induct

[in-duhkt]
verb (used with object)
1.
to install in an office, benefice, position, etc., especially with formal ceremonies: The committee inducted her as president.
2.
to introduce, especially to something requiring special knowledge or experience; initiate (usually followed by to or into ): They inducted him into the mystic rites of the order.
3.
to take (a draftee) into military service; draft.
4.
to bring in as a member: to induct a person into a new profession.

Origin:
1350–1400; Middle English < Latin inductus past participle of indūcere, equivalent to induc- (see induce) + -tus past participle suffix

reinduct, verb (used with object)
uninducted, adjective
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World English Dictionary
induct (ɪnˈdʌkt)
 
vb (foll by to or into)
1.  to bring in formally or install in an office, place, etc; invest
2.  to initiate in knowledge (of)
3.  (US) to enlist for military service; conscript
4.  physics induce another word for induce
 
[C14: from Latin inductus led in, past participle of indūcere to introduce; see induce]

Collins English Dictionary - Complete & Unabridged 10th Edition
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Etymonline
Word Origin & History

induct
late 14c., from L. inductus, pp. of inducere "to lead" (see induce). Originally of church offices; sense of "bring into military service" is 1934 in Amer.Eng.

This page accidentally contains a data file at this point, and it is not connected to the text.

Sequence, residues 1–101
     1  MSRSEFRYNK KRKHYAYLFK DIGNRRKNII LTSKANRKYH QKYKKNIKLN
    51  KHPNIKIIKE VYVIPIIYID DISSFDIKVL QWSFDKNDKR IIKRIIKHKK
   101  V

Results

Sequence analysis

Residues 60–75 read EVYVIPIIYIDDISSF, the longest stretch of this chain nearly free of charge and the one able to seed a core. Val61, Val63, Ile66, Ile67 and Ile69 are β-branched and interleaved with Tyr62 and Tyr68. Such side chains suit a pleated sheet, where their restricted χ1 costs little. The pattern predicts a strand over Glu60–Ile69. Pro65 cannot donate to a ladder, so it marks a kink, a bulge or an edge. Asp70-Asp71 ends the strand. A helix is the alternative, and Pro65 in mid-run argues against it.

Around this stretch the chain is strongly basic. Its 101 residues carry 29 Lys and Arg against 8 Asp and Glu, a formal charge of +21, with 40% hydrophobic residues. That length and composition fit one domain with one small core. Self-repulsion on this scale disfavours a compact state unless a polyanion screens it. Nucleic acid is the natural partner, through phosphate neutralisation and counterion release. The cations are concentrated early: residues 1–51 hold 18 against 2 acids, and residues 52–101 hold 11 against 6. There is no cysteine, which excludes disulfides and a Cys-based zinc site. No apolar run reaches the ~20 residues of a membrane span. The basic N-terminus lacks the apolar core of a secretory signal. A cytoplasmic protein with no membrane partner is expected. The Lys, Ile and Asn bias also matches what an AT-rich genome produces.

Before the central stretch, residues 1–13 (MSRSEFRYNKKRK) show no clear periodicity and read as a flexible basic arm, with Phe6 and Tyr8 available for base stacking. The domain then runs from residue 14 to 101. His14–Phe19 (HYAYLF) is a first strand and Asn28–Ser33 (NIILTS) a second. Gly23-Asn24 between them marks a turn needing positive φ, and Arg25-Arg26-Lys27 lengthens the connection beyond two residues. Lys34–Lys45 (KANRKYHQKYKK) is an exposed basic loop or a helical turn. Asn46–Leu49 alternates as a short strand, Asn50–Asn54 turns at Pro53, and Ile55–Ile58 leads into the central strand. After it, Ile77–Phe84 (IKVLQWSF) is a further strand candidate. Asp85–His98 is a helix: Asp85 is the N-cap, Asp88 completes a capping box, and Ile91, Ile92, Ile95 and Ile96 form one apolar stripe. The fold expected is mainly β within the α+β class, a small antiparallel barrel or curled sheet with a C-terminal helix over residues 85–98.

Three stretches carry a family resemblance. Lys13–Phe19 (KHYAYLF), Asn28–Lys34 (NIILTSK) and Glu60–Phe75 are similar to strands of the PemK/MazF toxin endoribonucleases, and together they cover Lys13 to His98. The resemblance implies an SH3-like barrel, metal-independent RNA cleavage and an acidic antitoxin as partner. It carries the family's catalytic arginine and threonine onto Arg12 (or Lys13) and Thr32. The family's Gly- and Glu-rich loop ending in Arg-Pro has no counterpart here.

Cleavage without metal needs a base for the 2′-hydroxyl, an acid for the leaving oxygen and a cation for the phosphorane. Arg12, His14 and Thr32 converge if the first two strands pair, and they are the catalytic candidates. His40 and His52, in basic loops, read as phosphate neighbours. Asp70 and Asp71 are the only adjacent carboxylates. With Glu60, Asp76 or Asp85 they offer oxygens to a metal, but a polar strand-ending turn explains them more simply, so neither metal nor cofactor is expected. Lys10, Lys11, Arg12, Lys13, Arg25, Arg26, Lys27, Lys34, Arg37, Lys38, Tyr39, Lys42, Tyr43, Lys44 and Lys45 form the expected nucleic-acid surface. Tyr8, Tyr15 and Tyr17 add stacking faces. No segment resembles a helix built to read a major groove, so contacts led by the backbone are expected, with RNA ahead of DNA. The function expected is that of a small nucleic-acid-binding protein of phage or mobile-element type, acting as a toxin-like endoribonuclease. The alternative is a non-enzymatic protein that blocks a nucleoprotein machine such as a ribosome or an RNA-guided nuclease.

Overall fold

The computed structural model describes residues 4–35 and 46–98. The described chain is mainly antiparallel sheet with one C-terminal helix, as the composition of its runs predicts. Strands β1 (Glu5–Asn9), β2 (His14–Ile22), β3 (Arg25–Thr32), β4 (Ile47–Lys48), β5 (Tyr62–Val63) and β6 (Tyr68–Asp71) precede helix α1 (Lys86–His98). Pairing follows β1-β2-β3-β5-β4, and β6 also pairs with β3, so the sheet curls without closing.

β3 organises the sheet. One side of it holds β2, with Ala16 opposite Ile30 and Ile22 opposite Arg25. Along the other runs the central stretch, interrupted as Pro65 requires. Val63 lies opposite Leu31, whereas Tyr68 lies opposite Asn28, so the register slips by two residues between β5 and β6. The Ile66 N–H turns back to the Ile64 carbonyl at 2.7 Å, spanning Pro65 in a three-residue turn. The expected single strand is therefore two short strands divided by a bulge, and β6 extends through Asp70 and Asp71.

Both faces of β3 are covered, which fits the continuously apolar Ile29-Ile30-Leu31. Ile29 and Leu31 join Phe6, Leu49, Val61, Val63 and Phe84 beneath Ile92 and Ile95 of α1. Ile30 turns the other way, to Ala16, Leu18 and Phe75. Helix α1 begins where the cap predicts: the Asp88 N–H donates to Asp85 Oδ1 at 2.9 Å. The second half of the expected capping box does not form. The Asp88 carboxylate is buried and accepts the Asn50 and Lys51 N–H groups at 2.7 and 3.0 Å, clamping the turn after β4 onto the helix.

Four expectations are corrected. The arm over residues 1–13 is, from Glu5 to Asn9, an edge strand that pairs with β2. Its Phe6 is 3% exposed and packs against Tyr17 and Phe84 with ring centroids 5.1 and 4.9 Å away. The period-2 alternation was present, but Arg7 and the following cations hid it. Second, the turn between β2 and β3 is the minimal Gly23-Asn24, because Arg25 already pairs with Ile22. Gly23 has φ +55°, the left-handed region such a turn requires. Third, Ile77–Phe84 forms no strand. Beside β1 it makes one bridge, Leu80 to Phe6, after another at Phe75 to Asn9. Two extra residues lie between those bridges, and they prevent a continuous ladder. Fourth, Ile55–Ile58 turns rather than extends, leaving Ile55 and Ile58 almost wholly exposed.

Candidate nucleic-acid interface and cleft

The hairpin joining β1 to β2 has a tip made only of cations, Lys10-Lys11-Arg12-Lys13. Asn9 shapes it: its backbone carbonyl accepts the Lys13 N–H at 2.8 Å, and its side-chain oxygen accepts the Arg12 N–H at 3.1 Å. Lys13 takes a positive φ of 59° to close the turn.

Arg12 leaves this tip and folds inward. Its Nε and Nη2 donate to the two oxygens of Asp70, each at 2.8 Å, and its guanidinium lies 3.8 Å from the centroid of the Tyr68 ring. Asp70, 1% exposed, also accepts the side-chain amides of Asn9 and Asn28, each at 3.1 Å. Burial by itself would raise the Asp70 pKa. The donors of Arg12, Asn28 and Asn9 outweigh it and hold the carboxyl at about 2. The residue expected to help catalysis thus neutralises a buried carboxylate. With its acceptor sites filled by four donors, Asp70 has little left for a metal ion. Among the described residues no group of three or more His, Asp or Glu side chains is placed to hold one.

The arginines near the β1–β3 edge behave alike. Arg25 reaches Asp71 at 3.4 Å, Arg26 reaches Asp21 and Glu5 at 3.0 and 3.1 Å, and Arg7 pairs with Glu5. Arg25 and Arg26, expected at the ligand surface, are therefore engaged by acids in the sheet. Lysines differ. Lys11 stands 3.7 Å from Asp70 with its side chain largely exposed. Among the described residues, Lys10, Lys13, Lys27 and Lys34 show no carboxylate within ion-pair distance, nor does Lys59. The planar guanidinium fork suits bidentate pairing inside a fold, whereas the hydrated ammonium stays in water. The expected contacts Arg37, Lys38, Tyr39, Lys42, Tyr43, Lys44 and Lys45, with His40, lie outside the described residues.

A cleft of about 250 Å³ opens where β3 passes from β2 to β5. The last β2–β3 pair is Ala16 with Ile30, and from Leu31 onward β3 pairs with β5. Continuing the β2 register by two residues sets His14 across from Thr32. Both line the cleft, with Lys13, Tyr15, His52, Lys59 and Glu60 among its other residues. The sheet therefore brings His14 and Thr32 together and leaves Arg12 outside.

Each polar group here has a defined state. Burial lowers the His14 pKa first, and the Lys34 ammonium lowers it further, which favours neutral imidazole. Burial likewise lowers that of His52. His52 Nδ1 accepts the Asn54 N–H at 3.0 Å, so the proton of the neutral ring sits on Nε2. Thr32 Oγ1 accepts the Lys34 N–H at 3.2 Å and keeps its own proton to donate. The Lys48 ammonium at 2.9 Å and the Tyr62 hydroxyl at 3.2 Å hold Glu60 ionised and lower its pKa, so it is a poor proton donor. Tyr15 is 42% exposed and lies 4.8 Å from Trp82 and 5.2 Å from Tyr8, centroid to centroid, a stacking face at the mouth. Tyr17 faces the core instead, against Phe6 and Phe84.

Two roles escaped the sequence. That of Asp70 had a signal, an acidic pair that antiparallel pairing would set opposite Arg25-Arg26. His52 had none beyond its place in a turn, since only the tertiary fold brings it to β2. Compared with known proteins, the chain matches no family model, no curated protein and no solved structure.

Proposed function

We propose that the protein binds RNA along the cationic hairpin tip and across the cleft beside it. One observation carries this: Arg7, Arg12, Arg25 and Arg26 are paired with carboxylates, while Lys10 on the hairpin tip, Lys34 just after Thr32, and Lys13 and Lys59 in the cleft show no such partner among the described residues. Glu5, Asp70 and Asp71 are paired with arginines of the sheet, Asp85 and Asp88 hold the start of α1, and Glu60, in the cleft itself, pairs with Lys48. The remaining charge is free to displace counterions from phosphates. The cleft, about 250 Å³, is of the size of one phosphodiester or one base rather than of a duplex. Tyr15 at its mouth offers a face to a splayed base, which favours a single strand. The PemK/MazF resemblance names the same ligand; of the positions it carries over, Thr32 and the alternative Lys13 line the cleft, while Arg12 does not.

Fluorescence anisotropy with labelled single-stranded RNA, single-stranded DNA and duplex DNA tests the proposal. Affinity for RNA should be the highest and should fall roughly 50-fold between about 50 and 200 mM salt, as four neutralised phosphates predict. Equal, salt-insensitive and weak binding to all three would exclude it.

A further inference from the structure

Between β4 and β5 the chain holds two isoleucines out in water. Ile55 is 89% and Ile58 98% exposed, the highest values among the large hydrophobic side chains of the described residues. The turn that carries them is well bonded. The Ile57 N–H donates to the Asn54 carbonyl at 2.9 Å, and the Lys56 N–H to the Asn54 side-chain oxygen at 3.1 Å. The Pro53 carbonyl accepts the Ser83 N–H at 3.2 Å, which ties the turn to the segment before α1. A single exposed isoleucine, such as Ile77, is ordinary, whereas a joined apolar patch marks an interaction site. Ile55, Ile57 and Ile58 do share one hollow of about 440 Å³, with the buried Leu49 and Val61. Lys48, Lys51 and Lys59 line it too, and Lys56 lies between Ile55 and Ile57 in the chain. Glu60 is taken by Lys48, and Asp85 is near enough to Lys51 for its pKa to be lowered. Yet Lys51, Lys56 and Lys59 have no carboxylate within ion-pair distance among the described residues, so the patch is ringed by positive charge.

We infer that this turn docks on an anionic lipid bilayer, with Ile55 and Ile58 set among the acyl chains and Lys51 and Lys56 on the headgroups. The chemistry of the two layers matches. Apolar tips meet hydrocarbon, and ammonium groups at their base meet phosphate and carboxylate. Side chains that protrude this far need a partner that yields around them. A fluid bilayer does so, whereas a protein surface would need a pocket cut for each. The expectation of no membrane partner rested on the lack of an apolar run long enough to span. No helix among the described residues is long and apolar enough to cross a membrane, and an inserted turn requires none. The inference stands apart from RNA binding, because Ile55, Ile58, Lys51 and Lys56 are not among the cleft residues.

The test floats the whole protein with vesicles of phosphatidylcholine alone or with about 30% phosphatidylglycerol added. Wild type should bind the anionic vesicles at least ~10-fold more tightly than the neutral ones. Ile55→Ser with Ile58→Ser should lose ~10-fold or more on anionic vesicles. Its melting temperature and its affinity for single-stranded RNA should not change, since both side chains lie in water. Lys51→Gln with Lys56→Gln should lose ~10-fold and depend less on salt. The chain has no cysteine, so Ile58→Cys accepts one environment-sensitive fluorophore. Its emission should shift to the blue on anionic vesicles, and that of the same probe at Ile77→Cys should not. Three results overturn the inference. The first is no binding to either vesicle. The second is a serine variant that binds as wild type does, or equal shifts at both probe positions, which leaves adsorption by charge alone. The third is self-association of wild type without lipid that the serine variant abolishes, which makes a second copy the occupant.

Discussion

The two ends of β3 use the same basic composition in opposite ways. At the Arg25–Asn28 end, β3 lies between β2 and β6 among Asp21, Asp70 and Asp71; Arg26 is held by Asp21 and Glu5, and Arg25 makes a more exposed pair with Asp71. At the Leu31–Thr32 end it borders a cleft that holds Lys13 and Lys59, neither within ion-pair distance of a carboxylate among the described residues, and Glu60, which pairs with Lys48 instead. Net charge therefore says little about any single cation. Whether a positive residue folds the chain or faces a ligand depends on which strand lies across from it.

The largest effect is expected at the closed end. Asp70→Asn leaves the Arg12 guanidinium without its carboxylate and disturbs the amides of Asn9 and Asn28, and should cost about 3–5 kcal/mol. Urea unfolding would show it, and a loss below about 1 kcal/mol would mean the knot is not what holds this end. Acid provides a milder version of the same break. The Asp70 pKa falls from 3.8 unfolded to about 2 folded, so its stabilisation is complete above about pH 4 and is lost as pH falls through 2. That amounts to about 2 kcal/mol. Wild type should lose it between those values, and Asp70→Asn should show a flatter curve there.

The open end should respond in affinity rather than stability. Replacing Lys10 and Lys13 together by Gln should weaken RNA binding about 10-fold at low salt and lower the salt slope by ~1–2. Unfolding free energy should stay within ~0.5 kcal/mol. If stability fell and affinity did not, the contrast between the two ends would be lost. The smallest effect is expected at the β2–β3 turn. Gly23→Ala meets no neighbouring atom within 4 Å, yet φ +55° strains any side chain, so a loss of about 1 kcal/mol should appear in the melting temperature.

Online Etymology Dictionary, © 2010 Douglas Harper
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American Heritage
Medical Dictionary

induct in·duct (ĭn-dŭkt')
v. in·duct·ed, in·duct·ing, in·ducts
To produce an electric current or a magnetic charge by induction.

The American Heritage® Stedman's Medical Dictionary
Copyright © 2002, 2001, 1995 by Houghton Mifflin Company. Published by Houghton Mifflin Company.
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Example sentences
The proposal to induct more noncitizens, which is still largely on the drawing board, has to clear a number of hurdles.
Interrupting our discussion, the abbot is called upon to induct half a dozen more, the first new batch of this year.
They told her that all she had to do was talk to the leader and he would induct her as well.
We need to induct more students from humanities and arts into management mainstream.
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